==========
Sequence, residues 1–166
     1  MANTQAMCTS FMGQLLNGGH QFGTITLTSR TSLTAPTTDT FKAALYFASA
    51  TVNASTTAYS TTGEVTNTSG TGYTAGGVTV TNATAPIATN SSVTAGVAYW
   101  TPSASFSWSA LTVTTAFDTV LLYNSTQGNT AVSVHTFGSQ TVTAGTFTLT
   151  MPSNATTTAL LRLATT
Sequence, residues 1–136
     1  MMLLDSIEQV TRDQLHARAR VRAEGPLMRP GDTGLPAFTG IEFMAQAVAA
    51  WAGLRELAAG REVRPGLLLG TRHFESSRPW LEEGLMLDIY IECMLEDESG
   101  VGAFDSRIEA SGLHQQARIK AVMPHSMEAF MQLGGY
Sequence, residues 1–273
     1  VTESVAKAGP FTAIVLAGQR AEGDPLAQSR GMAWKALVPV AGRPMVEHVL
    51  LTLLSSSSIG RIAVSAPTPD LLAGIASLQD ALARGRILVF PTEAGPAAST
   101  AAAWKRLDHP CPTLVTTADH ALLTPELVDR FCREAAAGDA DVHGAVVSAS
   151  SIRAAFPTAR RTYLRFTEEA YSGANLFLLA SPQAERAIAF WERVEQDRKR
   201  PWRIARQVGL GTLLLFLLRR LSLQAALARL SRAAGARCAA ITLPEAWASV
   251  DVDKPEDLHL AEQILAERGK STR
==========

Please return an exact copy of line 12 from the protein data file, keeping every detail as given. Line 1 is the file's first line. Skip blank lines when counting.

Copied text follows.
    51  LTLLSSSSIG RIAVSAPTPD LLAGIASLQD ALARGRILVF PTEAGPAAST